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Metropolitan Life Insurance Co. v. Hamer

Supreme Court of Illinois

June 20, 2013

METROPOLITAN LIFE INSURANCE COMPANY et al., Appellees,
v.
BRIAN HAMER, Director of the Illinois Department of Revenue, et al., Appellants.

JUSTICE GARMAN delivered the judgment of the court, with opinion. Justices Freeman, Thomas, and Theis concurred in the judgment and opinion.

OPINION

GARMAN JUSTICE

¶ 1 In 2003, the Illinois General Assembly enacted the Tax Delinquency Amnesty Act (2003 Amnesty Act) (35 ILCS 745/10 (West 2004)), which established an amnesty program for all taxpayers owing any tax imposed by Illinois law. It further provided that, upon payment by a taxpayer of "all taxes due" for any taxable period between June 30, 1983, and July 1, 2002, the Department of Revenue (Department) would abate and not seek to collect any interest or penalties and would not seek civil or criminal prosecution of that taxpayer. The amnesty period extended from October 1, 2003, through November 17, 2003. Those taxpayers who failed to pay their unpaid tax liabilities within that period would be charged 200% interest. The Department promulgated regulations implementing an amnesty program, providing that a taxpayer participating in the amnesty program must pay its entire tax liability regardless of whether the liability was known to the Department or to the taxpayer. The regulations further provided that taxpayers who were unsure of their tax liability were to make a good-faith estimate of the liability and pay it during the amnesty period.

¶ 2 The Internal Revenue Service (IRS) audited the 1997, 1998, and 1999 federal income tax returns of plaintiffs, Metropolitan Life Insurance Company and Unitary Subsidiaries (collectively, MetLife). Following completion of the audit, MetLife filed its amended Illinois tax returns showing additional tax due. Because MetLife paid the additional taxes after the amnesty period expired, the Department assessed 200% interest. MetLife paid the taxes due under protest and filed an action disputing that it owed more than 100% interest and seeking an injunction to order defendant State Treasurer to refund the double interest charged. The circuit court of Cook County granted MetLife's motion for summary judgment. The appellate court affirmed, with one justice dissenting. 2012 IL App (1st) 110400. This court granted defendants' petition for leave to appeal. Ill. S.Ct. R. 315 (eff. Feb. 26, 2010).

¶ 3 BACKGROUND

¶ 4 MetLife timely filed its Illinois corporate income tax returns for the years 1998 and 1999 and paid the tax liability stated therein. On December 12, 2000, the IRS began a routine audit of MetLife's federal income tax returns. The audit was completed in July 2004, eight months after the expiration of the amnesty period. In May 2002, the Department commenced an audit of MetLife's 1998 and 1999 Illinois income tax returns. MetLife provided the auditor with the changes to its federal returns as a result of the federal audit (referred to as the federal change tax liability). Based upon MetLife's submissions, the Department determined that MetLife owed additional Illinois income tax. On May 8, 2008, the Department assessed a 200% interest penalty against MetLife with respect to the additional tax determined to be due. MetLife paid the penalty under protest.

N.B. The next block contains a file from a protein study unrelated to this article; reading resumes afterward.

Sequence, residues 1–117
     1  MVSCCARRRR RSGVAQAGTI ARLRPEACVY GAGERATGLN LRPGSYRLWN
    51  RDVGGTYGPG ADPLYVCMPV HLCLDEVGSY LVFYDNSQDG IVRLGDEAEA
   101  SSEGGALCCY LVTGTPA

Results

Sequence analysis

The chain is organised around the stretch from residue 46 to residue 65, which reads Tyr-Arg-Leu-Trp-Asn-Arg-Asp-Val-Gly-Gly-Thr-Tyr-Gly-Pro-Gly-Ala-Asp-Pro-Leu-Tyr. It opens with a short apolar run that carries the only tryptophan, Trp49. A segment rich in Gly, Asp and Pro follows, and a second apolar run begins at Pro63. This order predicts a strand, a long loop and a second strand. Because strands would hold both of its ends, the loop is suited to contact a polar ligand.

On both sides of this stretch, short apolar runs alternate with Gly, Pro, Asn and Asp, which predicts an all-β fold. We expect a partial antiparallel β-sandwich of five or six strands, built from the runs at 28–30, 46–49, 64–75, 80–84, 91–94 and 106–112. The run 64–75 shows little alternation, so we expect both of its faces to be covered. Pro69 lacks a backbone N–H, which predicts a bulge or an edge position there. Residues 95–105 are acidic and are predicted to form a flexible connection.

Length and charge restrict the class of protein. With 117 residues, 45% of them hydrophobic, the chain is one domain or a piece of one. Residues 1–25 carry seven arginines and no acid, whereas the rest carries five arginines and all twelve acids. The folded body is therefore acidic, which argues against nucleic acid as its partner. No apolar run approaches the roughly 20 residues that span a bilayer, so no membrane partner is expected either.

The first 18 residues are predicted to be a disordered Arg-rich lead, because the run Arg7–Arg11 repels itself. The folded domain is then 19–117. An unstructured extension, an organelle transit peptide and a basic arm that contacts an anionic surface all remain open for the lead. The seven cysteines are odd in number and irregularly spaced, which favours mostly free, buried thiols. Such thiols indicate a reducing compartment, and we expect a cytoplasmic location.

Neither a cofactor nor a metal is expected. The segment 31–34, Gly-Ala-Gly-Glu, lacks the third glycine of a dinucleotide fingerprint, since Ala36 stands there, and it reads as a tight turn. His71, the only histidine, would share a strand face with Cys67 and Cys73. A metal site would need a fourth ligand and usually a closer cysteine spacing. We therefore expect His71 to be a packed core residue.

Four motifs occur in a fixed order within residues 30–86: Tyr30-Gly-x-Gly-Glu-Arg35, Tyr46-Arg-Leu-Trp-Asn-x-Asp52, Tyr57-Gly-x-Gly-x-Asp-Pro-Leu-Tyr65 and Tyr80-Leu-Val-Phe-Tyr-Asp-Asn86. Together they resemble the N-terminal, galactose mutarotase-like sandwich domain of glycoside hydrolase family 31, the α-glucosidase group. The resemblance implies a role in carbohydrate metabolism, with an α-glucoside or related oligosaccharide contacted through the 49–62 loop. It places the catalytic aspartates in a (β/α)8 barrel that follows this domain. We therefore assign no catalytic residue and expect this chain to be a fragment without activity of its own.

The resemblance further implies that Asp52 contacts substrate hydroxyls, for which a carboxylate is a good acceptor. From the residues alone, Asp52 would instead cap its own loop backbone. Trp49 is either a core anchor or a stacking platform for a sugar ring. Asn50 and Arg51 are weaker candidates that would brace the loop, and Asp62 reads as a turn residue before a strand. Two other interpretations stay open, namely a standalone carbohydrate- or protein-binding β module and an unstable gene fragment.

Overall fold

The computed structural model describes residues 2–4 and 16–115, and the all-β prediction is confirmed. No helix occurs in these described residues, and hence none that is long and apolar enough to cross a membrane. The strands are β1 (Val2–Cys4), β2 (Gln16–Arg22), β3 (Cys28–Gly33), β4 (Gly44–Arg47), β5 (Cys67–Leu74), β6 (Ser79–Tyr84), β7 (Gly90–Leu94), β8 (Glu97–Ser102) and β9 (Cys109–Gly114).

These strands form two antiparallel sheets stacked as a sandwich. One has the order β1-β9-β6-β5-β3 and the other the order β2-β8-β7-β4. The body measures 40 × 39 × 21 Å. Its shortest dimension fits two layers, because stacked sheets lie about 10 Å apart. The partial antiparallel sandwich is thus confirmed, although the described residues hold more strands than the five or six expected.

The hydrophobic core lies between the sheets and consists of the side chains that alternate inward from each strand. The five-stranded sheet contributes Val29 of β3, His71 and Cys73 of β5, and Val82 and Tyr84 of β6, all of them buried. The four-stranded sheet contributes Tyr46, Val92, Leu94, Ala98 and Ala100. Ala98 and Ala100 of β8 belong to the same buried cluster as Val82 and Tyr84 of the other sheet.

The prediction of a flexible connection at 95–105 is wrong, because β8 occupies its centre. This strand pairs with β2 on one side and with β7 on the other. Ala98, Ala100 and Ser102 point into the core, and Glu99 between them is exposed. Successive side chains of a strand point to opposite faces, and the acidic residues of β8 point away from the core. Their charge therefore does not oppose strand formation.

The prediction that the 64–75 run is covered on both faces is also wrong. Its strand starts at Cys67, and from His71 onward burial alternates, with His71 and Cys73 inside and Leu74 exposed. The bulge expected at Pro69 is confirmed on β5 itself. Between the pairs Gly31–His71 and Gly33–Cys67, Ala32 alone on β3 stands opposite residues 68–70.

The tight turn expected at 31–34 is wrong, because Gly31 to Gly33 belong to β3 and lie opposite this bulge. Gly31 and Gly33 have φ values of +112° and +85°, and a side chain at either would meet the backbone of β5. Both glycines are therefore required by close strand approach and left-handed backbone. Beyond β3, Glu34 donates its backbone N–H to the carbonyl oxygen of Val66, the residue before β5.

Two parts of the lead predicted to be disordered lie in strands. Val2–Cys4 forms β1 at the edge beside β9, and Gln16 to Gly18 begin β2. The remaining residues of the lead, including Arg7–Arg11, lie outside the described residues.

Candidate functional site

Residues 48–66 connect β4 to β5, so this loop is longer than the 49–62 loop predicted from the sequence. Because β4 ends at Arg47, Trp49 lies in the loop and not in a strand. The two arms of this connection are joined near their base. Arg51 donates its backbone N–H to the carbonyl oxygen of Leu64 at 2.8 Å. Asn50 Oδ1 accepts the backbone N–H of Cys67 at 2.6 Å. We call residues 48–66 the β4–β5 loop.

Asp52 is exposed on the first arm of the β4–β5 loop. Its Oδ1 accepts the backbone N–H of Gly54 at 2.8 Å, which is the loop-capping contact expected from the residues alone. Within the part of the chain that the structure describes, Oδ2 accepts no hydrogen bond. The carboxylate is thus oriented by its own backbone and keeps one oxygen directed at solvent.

¶ 5 In July 2008, MetLife filed its complaint for an injunction and for declaratory judgment under the State Officers and Employees Money Disposition Act (30 ILCS 230/1 et seq. (West 2010)). It sought a declaration that the Department was not entitled to assess double interest. MetLife conceded that it owed a 100% interest penalty. It sought a finding that application of the double interest penalty to its federal change tax liability violated its due process rights under the United States and Illinois constitutions. It further sought a preliminary injunction to prohibit the Department from transferring the double interest assessment money from the protest fund to the general revenue fund until the court entered a final judgment. The trial court granted the injunction. The Department filed a motion to dismiss the action and to dissolve the preliminary injunction. The trial court denied the motion.

¶ 6 MetLife filed a motion for summary judgment. The motion contained stipulated facts as follows. MetLife timely filed its Illinois corporate income tax returns for the tax years 1998 and 1999, and paid the tax liabilities reported in the returns. In December 2000, the IRS commenced an audit of MetLife's 1997, 1998, and 1999 federal income tax returns, which took more than 3½ years to complete. In May 2002, the Department began an audit of MetLife's 1998 and 1999 Illinois corporate income tax returns. On June 20, 2003, the Illinois legislature enacted the 2003 Amnesty Act. The amnesty period began October 1, 2003, and concluded on November 17, 2003. Under the 2003 Amnesty Act, a taxpayer who did not satisfy a tax liability that was eligible for amnesty by the conclusion of the amnesty period was subject to double interest on that unpaid tax liability. The federal audit of MetLife's returns was completed in July 2004. In or after August 2004, MetLife provided the final adjustments of the IRS to the Department's auditor in lieu of filing amended Illinois returns for the years in question. In December 2004, the auditor determined that MetLife owed additional Illinois income taxes for 1998 and 1999 as a result of the changes to its federal returns. MetLife paid the federal change tax liability during the course of the Department's audit. MetLife made its final payment in May 2007 at the conclusion of the audit. The Department's auditor informed MetLife that it would receive a separate bill for double interest on the back taxes pursuant to the provisions of the 2003 Amnesty Act. In July 2008, MetLife paid the double interest under protest and commenced this action.